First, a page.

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Pathology of Cylindroma           

Dr Sampurna Roy MD        




Cylindroma is a benign adnexal tumour.

The tumour showed apocrine and trichoepitheliomatous differentiation which indicated complex hair follicle (folliculo-sebaceous-apocrine). According to recent studies immunohistochemical examination has shown myoepithelial, apocrine, eccrine, ductal, and secretory features in both cylindromas and spiradenomas.

Brooke-Spiegler syndrome represents an autosomal dominant disease characterized by the occurrence of multiple cylindromas, trichoepitheliomas and (sporadically) spiroadenomas.

Clinical presentation: 

Clinically, the tumour usually presents as a solitary, slow growing rubbery lesion.

This form is also known as 'turban tumour' and may be associated with spiradenoma.

Some of these lesions are painful.

Site:  Usually located on the scalp, head and neck or trunk.

Note: Familial cylindromatosis is a genetic disorder inherited in an autosomal manner. In this disorder numerous benign adnexal tumours develop in the head and neck region. It is caused by mutation of the CYLD gene on chromosome 16q1213.

Dermatopathology patterns that remind us of something else 

Hyaline - Value of a descriptive word in General Pathology and Dermatopathology


Microscopic features: 


Histologically cylindroma is a circumscribed, non-encapsulated , dermal tumour without attachment to the epidermis.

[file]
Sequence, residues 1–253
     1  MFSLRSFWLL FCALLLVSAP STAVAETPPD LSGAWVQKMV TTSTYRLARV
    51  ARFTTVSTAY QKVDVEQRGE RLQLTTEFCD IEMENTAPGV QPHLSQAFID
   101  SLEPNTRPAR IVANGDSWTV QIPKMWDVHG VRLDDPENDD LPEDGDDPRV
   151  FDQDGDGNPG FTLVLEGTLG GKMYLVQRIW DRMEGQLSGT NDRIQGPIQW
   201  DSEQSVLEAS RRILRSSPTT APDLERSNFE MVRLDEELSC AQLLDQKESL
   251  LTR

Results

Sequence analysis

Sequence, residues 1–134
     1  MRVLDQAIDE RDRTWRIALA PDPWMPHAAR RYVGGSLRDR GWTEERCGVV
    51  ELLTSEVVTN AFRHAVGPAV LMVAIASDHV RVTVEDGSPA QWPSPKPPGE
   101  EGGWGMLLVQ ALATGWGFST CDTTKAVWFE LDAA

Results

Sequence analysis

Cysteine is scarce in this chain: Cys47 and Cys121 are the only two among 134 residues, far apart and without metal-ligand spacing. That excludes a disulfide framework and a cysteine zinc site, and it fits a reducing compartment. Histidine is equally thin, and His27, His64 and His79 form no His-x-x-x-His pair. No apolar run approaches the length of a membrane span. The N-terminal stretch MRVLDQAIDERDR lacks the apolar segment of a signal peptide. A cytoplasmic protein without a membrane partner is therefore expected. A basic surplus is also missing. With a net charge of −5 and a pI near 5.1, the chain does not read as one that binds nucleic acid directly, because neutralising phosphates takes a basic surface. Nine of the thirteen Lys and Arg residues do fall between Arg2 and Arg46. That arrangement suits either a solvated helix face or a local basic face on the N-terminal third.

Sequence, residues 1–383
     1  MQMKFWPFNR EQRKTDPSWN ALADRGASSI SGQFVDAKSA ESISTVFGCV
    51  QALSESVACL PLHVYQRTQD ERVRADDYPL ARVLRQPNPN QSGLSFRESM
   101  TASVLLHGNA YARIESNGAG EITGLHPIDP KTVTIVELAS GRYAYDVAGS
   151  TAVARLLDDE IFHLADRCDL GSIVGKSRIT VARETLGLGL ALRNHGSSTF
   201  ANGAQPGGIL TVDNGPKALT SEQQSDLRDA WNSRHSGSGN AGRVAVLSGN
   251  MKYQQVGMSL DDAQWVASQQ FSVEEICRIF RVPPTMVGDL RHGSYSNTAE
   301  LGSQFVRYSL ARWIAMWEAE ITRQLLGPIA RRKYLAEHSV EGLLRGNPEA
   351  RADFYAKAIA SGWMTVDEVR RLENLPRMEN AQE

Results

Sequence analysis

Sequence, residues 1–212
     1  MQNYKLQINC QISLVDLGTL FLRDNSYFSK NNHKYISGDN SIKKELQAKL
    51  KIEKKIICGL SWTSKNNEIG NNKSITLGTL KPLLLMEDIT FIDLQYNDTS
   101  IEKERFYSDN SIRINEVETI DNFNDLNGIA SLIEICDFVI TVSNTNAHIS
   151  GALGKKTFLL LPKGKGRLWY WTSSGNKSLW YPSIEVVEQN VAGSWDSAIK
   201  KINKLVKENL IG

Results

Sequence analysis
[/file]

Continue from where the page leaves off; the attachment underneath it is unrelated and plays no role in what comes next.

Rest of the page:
The lesion is composed of numerous oval and polygonal nests arranged in an interlocking 'jigsaw-like' pattern.

There are two cell types, the peripheral cells are small and basophilic and central cells are larger and pale stained.

Small ductal lumina may be present.

Thick PAS positive hyaline bands surround tumour islands.

Hyaline droplets may be present within the nests.

Differential Diagnosis:

Spiradenoma - Lack of lymphoid tissue in cylindroma and presence of variable number of dendritic Langerhans cells in the tumour. These cells are CD1a positive.

Malignant Cylindroma:

Cylindromas occasionally undergo malignant transformation.

Malignant cylindromas are characterised by islands of cells displaying marked nuclear pleomorphism.

There is increase in mitosis and many abnormal forms are identified.

The tumour shows invasion into the surrounding tissue and loss of the delicate hyaline sheath.


Further reading:

Identification of a large rearrangement in CYLD as a cause of familial cylindromatosis.

Expression of p53 and TP53 mutational analysis in malignant neoplasms arising in preexisting spiradenoma, cylindroma, and spiradenocylindroma, sporadic or associated with Brooke-Spiegler syndrome.

Brooke-Spiegler syndrome associated with cylindroma, trichoepithelioma and eccrine spiradenoma.

Blaschkoid distribution of cylindromas in a germline CYLD mutation carrier.

Brooke-Spiegler syndrome: report of two cases not associated with a mutation in the CYLD and PTCH tumor-suppressor genes.

Five novel germline function-impairing mutations of CYLD in Italian patients with multiple cylindromas.

Malignant cylindroma of the scalp arising in a setting of multiple cylindromatosis: a case report.



Dr Sampurna Roy  MD

Consultant  Histopathologist (Kolkata - India)







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